I had indeed done this, but more than that, I had first predicted it in 2007 when I was in charge of Strategic Planning at C. Rob. Hammerstein. How had I foreseen this eventuality fully eight year before the event actually took place? The answer was the long, slow, OODA loop.
In 2006 I had been named group chief commercial officer and I was busy orienting our company to the unfolding circumstances in the marketplace when I considered certain new tendencies which began manifesting themselves. OEM pricing pressure had been growing, but what had started out as rather amateurish efforts to reign in the profitability of the supply base, had now developed into a sophisticated system at virtually all of the American and European OEM’s. By 2006 it was apparent that profits were being squeezed and that it was getting more and more difficult to generate the kinds of returns that would keep shareholders interested. It was also clear that the OEM’s were in a cage match themselves. New entrants such as Hyundai and Kia began to have success and the first stirrings of nascent Chinese competitors were beginning to burble.
The Koreans were very effective and having worked with them and having run a joint venture between a German and a Korean company, I was in a position to observe how and why they did what they did. I understood that Hyundai was producing competitive vehicles and winning market share in North America. There were several reason why Hyundai was able to do this, and among them was the fact that the Korean supply base was held on an extremely short leash. While earnings before interest and taxes (EBIT) for US suppliers were hovering around 7% the Koreans were holding their supply base around 2%. This translates to around an $800 dollar advantage in cost per vehicle assuming a sales price of around $20,000 with 50% purchased components. If I can sell a vehicle that is already world class to the public using my $800 cost advantage along with concomitant advantages in production efficiency and, most importantly, a sense of mission and commitment to do whatever has to be done in my workforce, I will be able to sell a vehicle that is as good as or better than competitive offerings for less money. This always works.
The reason that this is possible in Korea is complicated and has many factors but one of the chief factors is the tribalism of the Koreans. Koreans hang together. They believe in themselves and each other. They are ethnic block which has suffered horrible privations over the last 1000 years caused by invasions and oppression coming from both east and west. The Koreans are tough and have been forged into a determined and homogeneous people. Those who argue for the power and advantages of diversity would do well to look into a Korean boardroom. You will find no diversity there. You will however, find success.
The Koreans understand that they must hang together because only by executing a group plan as a group can they expect to find success in a geopolitical landscape filled with larger and more powerful competitors. Here we see the long slow OODA loop practiced to perfection on a national basis.
Looking at things like the arrival of the Koreans, the increasing pressure on supplier profits, and another insight from the past, allowed me to perform my analysis/synthesis within the orientation component of the OODA loop in a manner which allowed me to surmise the probable course of events. This last insight came from my own past experience in the automotive sector. When I had gotten into the automotive business in the late 1970’s, the supplier base had been dominated by large east coast defense dominated companies like United Technologies, ITT, Rockwell, TRW, and Allied Signal. By 1990 they had all checked out and sold their interests because they could see that the industry was in for trying times. By 2007 everybody seemed to forget that there was historical precedent for such an exit.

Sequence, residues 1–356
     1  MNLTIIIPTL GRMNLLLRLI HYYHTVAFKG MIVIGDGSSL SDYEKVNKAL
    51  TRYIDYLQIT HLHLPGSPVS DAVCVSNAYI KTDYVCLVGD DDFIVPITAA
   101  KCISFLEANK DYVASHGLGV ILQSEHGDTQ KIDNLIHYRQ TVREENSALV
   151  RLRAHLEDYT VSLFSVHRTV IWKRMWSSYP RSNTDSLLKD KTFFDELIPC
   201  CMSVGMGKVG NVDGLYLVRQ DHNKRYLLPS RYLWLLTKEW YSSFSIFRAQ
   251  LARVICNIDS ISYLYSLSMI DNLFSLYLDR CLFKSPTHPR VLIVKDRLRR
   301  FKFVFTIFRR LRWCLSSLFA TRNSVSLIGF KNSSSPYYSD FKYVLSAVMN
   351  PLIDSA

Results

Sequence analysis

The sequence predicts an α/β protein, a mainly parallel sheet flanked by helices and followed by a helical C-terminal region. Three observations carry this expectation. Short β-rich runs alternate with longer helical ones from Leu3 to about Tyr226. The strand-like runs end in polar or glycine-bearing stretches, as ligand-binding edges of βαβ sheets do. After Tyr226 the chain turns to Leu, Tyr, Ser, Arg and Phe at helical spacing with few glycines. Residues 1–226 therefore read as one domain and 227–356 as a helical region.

In the meantime I had also continued to study and learn, and I had discovered that I could see patterns of conflict in all areas of human endeavor. Soon afterwards I discovered Colonel John Boyd. Boyd’s work confirmed my own surmises and opened my mind to a lot of new concepts. Among these was the OODA loop.
The result was that I could use synthesis to take all of these diverse elements and come up with a high probability scenario that would lead to the exit of the large publicly traded companies. So by 2007, I was able to predict that this scenario was increasing in probability and that our company should take actions which would allow us to be prepared when the time came to react in an opportunistic manner and to use market pull to bring resources to bear that would allow us to take advantage of this situation.
In 2011, I wrote that op-ed piece for the Automotive News where I predicted that large publicly traded companies would eventually be forced to exit the automotive sector. You can find it online. Several of my former colleagues from the past called me to compliment my prescience. I told them that there was no particular intelligence to this but just the recollection of known circumstances coupled with new information, and a little analysis and synthesis. No magic, just the operation of the orientation element of the OODA process. During the intervening period, our company has done a lot to prepare ourselves for the exit of these publically traded firms and it is the operation of the long, slow OODA loop that has made this possible.
A cautionary note is required here. Remember that the use of the long, slow OODA loop requires the highest amount of metal preparation and education. You must study and, as the Japanese say “deeply understand” the environment in which you find yourself. As Plato said: “[A] true pilot must of necessity pay attention to the seasons, the heavens, the stars, the winds, and everything proper to the craft if he is really to rule a ship” (The Republic, 6.488d). Without a commitment to the hard work involved in thought, continuing education, and reflection, no OODA loop can really be effective, but without such, the long, slow OODA loop has virtually no chance for even marginal success.